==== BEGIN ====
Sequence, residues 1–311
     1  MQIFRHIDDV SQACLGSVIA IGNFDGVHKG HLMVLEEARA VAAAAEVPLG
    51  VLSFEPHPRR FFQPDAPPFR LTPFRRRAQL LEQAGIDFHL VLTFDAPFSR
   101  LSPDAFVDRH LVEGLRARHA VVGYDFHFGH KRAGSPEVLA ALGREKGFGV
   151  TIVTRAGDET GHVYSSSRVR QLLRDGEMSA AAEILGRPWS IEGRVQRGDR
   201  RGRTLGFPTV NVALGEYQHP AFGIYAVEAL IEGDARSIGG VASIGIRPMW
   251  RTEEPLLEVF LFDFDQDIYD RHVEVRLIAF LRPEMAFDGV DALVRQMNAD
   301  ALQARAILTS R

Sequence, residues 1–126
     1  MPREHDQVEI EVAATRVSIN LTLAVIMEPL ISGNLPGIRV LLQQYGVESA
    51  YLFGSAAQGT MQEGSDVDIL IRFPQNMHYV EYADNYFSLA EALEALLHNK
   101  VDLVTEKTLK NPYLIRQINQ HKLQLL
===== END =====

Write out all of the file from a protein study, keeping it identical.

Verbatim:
Sequence, residues 1–311
     1  MQIFRHIDDV SQACLGSVIA IGNFDGVHKG HLMVLEEARA VAAAAEVPLG
    51  VLSFEPHPRR FFQPDAPPFR LTPFRRRAQL LEQAGIDFHL VLTFDAPFSR
   101  LSPDAFVDRH LVEGLRARHA VVGYDFHFGH KRAGSPEVLA ALGREKGFGV
   151  TIVTRAGDET GHVYSSSRVR QLLRDGEMSA AAEILGRPWS IEGRVQRGDR
   201  RGRTLGFPTV NVALGEYQHP AFGIYAVEAL IEGDARSIGG VASIGIRPMW
   251  RTEEPLLEVF LFDFDQDIYD RHVEVRLIAF LRPEMAFDGV DALVRQMNAD
   301  ALQARAILTS R

Sequence, residues 1–126
     1  MPREHDQVEI EVAATRVSIN LTLAVIMEPL ISGNLPGIRV LLQQYGVESA
    51  YLFGSAAQGT MQEGSDVDIL IRFPQNMHYV EYADNYFSLA EALEALLHNK
   101  VDLVTEKTLK NPYLIRQINQ HKLQLL